The best way I’ve been told to look at your WP experience is that they are your ‘college years’ and to see it for what it is: an education. You will live and breathe horses, you will have long days and it will be tiring, but if you find the right position it will be worth it!

You should look into a WP position if:

  • You have a strong desire to learn, ride and care for horses
  • You have a positive attitude and are ready to take a WP position as seriously as you would take a college course
  • You want to learn from a rider you admire, follow their system and learn how a professional yard operates
  • You want to improve yourself and your horse’s training as well as get an opportunity to compete (and learn to be competitive)

You should not look into a WP position if:

  • You want a fun holiday where you get to do lots of riding on top horses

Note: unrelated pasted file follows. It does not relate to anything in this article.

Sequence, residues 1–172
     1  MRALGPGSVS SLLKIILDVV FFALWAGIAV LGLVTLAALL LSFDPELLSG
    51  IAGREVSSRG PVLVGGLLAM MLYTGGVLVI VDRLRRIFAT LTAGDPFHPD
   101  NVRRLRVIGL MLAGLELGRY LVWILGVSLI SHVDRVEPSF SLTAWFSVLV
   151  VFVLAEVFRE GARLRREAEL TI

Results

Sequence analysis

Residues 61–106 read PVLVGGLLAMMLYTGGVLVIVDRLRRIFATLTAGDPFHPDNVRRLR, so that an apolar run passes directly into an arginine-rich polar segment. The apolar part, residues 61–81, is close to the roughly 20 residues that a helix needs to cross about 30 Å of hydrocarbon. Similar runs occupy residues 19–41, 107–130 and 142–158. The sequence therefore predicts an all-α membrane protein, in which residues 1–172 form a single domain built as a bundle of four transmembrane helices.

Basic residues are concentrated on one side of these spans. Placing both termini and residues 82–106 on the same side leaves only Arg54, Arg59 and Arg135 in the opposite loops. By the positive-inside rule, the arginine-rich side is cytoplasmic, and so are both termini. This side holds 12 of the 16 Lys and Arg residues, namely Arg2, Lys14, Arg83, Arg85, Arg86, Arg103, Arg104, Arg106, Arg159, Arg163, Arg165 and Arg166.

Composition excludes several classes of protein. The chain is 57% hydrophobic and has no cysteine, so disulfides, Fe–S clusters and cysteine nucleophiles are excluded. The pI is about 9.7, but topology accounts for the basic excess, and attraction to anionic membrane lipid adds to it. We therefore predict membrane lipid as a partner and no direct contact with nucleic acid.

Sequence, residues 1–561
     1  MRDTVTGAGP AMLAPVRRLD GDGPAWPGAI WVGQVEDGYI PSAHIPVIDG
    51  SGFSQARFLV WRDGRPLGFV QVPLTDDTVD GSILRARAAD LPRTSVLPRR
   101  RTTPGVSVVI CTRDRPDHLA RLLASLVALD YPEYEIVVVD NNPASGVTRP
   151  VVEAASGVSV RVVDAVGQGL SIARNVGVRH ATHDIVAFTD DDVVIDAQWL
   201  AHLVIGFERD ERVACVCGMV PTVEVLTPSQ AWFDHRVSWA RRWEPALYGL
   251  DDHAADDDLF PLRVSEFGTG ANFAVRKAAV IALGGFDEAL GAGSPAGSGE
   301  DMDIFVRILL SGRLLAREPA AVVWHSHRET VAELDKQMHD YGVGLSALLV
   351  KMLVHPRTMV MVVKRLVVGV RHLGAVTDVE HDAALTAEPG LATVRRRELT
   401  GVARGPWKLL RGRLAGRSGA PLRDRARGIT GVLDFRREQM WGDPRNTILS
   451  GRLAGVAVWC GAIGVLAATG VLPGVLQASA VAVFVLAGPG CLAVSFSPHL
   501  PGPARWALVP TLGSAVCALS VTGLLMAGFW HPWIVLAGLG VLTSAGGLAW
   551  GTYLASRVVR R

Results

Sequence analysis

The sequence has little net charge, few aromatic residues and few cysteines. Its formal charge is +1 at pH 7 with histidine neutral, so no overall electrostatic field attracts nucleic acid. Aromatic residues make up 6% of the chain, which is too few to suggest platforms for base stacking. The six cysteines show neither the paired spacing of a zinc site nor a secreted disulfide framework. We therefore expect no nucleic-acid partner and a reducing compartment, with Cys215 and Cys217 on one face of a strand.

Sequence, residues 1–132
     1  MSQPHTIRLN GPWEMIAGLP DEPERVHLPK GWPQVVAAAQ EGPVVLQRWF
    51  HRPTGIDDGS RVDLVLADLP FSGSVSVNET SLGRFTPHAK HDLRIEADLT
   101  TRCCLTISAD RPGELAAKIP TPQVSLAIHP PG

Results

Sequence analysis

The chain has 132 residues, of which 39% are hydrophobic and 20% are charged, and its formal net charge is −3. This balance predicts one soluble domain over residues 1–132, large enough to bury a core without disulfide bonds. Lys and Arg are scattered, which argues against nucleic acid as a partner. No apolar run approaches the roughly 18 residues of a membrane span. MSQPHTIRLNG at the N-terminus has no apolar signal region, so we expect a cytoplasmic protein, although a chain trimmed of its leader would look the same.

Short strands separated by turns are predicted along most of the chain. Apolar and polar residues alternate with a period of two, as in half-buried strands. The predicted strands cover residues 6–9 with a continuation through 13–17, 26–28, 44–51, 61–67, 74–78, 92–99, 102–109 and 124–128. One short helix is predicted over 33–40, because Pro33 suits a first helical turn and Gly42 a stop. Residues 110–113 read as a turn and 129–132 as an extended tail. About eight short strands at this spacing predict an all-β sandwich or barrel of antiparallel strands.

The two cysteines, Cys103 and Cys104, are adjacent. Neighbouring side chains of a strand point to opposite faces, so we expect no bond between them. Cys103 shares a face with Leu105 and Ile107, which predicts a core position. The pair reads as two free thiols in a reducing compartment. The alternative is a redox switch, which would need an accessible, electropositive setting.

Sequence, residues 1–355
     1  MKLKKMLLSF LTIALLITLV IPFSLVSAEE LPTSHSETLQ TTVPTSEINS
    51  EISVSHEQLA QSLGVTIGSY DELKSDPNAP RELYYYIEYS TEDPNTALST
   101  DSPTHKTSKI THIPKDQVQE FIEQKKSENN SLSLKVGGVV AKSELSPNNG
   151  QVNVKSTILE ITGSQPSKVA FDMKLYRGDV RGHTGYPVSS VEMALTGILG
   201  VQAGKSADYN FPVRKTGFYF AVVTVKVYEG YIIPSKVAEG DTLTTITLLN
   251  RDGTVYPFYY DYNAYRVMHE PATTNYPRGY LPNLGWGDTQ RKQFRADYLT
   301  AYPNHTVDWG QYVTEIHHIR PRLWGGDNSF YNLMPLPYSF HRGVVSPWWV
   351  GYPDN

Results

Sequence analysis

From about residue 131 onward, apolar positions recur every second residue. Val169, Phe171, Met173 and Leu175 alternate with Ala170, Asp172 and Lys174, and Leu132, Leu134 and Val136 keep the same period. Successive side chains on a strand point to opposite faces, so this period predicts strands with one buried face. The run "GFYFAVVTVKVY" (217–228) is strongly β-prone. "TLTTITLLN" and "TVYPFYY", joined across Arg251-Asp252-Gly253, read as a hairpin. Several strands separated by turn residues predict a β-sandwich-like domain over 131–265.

• You already believe yourself to be the next Michael Jung, you just need to be discovered
  • You want a 9-5 job where you get your horse and your accommodation paid for

Rosegarth at sunset. Photo by Olivia Alstad.

 A Day in the Life of a Working Pupil

This is an example of an average day when you are not preparing for an event, going to an event or going training. These mornings can start anytime in the a.m., end anytime in the p.m. and really shake the day around! There can be many differences between yards.

Start between 6-8 a.m.: Morning chores — feed, hay, muck out, turn horses in/out, morning check/groom, blow/sweep yard.